Brazen misogyny

Don’t spare perpetrators of cybercrimes against women

Brazen misogyny

Photo for representation only.

The communally motivated and sexist ‘Bulli Bai’ app has surfaced just six months after the ‘Sulli Deals’ app and website had plundered publicly available pictures of Muslim women and described them as ‘deals of the day’. The failure of the law enforcement agencies to crack down on the perpetrators in the ‘Sulli Deals’ case has emboldened cyber criminals and hate-mongers to spew misogynistic venom all over again. The Delhi Police have registered an FIR against unknown persons for allegedly uploading a doctored picture of a woman journalist, while the Mumbai cyber police have booked the ‘Bulli Bai’ app developers and Twitter acoount holders. Meanwhile, the web platform GitHub has blocked the site. The Union Government has stated that it is working with the police in Delhi and Mumbai, even as there is no gainsaying that decisive action and strong commitment are needed to ensure that such crimes are not repeated.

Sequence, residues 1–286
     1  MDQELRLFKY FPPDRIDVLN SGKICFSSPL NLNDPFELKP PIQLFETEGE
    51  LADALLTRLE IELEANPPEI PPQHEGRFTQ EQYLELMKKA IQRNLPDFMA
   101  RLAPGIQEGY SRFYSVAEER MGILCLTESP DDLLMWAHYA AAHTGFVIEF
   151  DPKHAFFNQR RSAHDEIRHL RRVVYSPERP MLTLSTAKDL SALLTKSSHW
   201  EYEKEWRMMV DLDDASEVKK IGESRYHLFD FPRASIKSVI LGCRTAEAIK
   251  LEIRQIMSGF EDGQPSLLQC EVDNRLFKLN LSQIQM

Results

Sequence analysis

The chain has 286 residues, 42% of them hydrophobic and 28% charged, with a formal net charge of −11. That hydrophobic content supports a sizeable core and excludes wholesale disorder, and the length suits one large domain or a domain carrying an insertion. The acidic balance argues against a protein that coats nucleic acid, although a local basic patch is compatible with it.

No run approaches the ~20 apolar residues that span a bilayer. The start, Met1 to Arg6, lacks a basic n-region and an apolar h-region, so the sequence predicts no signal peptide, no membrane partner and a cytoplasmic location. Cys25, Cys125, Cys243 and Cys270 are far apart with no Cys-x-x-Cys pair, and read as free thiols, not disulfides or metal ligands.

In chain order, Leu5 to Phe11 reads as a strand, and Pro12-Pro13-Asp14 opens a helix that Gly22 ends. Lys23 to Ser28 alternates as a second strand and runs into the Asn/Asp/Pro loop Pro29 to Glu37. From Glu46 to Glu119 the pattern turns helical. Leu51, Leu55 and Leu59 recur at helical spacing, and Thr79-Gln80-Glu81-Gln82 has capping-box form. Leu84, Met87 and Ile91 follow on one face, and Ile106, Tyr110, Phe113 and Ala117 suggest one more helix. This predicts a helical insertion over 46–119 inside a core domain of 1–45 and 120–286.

Worldwide, cyberspace is increasingly becoming a haven for perverts, trolls and purveyors of toxic masculinity. And India is no exception. In 2020, around 2,300 cases of cybercrimes against women were registered in the country, up from 1,600 reported in 2019. The majority of these crimes pertain to the publication or transmission of sexually explicit material. Blackmail, defamation, morphing, creating fake profiles and cyber stalking are some of the ways in which criminals hound and insult women.

Apart from exemplary action against the culprits, there is a dire need to firm up the legal provisions so that the law can act as a potent deterrent. The Information Technology (Amendment) Act, 2008, made almost all cybercrimes bailable and reduced the quantum of punishment for most of the offences. For instance, five years’ imprisonment for online obscenity made way for a one-year jail term. Increasing use of mobile phones and greater access to the Internet have made women more vulnerable to online harassment. Central and state governments must take the lead in prioritising safety of women — no matter which community they belong to — and bring social media platforms to book for not doing enough to stem the rot.

Tribune Shorts


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